Imatinib mesylate in a patient with metastatic disease originating from a dermatofibrosarcoma protuberans of the scalp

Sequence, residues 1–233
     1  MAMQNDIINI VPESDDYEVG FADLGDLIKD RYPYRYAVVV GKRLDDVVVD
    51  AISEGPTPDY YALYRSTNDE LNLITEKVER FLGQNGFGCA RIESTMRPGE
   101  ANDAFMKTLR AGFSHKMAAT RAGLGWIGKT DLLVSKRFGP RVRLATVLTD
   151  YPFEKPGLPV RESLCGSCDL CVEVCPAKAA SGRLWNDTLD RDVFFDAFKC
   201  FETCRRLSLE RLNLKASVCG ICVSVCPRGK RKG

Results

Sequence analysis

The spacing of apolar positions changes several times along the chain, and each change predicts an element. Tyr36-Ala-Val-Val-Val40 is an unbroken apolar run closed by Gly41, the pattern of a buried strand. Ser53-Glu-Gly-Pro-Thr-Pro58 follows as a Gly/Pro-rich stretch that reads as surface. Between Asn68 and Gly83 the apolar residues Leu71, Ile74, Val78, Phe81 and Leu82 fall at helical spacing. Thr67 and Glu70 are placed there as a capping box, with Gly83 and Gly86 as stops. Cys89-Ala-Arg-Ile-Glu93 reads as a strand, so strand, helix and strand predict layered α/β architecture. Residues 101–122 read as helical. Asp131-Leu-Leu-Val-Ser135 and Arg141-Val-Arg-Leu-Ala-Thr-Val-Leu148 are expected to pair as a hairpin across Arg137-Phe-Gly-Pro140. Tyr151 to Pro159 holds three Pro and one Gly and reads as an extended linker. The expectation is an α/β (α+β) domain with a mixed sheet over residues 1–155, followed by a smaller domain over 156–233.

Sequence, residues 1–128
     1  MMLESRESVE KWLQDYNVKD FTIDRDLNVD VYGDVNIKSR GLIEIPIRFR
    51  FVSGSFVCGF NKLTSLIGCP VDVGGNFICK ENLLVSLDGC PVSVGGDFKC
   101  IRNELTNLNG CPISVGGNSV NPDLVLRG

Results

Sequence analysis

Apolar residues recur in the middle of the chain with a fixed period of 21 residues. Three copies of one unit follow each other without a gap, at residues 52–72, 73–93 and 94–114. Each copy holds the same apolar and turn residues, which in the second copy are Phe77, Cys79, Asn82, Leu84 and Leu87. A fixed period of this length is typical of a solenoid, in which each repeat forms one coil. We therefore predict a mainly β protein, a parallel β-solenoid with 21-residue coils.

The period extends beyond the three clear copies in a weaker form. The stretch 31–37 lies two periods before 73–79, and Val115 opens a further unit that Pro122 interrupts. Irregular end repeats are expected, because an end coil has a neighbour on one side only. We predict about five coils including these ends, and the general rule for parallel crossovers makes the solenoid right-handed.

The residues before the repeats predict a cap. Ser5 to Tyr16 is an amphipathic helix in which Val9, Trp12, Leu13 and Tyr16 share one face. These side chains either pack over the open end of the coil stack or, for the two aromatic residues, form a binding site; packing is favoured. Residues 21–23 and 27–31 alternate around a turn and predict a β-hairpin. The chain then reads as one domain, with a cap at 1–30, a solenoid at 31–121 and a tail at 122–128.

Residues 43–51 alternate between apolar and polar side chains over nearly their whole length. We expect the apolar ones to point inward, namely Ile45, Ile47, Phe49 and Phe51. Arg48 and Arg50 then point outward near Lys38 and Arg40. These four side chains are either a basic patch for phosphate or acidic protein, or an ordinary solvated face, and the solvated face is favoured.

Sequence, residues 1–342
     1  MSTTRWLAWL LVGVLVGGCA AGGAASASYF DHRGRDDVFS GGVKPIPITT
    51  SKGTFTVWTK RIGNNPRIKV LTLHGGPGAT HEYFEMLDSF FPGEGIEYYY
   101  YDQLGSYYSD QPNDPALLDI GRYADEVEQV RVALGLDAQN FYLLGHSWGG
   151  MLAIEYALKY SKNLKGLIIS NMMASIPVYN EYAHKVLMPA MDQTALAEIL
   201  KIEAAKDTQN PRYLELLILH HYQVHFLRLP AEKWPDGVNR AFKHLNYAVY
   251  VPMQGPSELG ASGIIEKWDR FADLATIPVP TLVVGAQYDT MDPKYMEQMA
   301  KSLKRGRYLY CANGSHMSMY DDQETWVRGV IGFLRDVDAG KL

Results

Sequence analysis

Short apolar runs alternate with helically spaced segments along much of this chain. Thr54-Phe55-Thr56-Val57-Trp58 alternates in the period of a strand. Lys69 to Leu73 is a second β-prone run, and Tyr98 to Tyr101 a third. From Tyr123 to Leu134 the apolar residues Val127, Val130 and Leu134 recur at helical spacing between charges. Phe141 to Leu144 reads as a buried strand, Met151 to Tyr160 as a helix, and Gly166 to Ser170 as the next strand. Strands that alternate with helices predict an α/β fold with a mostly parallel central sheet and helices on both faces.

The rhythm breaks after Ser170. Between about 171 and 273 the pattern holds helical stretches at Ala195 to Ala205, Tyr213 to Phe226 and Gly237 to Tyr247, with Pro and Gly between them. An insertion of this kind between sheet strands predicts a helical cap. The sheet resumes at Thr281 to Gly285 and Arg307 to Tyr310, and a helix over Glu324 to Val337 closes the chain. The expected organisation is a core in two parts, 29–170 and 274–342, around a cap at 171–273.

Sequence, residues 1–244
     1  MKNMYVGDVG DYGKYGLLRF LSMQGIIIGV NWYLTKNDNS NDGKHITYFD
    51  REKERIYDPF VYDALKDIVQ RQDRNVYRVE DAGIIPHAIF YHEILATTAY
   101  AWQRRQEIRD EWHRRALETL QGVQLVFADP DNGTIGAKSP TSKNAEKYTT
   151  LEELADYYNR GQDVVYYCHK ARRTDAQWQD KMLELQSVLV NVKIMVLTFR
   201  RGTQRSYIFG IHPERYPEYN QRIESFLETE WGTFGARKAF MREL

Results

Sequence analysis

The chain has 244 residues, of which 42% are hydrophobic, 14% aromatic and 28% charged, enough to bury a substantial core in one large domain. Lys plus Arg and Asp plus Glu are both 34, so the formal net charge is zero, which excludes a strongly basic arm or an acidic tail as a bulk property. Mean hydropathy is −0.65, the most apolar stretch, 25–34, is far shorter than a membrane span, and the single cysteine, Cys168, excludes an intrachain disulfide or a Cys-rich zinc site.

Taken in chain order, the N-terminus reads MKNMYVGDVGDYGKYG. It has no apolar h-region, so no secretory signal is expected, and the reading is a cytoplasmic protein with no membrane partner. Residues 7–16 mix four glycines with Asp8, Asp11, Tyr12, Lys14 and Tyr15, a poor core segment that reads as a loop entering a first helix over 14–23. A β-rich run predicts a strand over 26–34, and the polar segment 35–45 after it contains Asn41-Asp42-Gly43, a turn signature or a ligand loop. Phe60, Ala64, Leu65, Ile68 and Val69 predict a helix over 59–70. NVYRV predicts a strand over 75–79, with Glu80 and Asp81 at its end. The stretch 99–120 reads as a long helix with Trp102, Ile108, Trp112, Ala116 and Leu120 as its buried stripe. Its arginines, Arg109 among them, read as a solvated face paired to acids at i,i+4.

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Dermatofibrosarcoma protuberans is a soft-tissue tumor that may recur locally and rarely causes metastases to vital organs. Dermatofibrosarcoma protuberans has specific chromosomal abnormalities involving the platelet-derived growth factor β-chain locus that may render these tumors responsive to targeted therapy with the tyrosine kinase inhibitor imatinib mesylate. A patient with locally recurrent and metastatic dermatofibrosarcoma protuberans who had already undergone surgery 22 times was initially treated with imatinib mesylate 400 mg/day. The treatment dose was increased after 7 days to 400 mg twice daily. The patient was followed up for response and toxicity by physical examination and imaging studies, comprising computed tomography and fluorodeoxyglucose positron emission tomography. Clinical response could be demonstrated after the first month of treatment, and subsequent computed tomography and positron emission tomography documented a response to imatinib mesylate therapy. Our patient is now in sustained remission with minimal toxicity. We conclude that antitumor activity of metastatic dermatofibrosarcoma protuberans can be obtained with imatinib mesylate treatment with minimal side-effects.

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